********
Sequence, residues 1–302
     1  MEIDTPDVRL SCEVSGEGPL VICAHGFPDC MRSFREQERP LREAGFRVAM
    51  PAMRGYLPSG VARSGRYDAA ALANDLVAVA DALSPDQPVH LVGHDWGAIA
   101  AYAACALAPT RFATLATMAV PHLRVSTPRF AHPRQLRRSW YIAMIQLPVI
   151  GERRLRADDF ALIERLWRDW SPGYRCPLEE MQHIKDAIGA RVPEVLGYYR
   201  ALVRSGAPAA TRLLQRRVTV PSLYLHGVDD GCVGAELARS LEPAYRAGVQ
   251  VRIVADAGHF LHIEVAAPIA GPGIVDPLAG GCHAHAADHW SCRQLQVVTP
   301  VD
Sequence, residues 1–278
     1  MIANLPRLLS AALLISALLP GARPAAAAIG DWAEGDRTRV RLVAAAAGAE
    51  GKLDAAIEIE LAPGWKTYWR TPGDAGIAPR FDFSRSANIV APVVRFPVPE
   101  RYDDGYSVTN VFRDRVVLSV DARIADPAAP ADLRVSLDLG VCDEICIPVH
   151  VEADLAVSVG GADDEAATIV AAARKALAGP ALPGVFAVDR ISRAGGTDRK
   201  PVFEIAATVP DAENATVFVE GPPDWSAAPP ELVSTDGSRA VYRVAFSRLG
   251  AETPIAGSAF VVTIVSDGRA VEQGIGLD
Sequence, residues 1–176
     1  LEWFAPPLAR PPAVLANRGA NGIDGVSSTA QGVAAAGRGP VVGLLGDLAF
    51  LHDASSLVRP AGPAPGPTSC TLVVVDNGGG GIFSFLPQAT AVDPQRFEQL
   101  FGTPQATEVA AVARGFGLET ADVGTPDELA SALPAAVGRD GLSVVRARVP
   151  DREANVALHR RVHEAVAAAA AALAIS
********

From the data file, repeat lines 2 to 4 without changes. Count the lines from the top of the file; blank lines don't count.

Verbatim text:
     1  MEIDTPDVRL SCEVSGEGPL VICAHGFPDC MRSFREQERP LREAGFRVAM
    51  PAMRGYLPSG VARSGRYDAA ALANDLVAVA DALSPDQPVH LVGHDWGAIA
   101  AYAACALAPT RFATLATMAV PHLRVSTPRF AHPRQLRRSW YIAMIQLPVI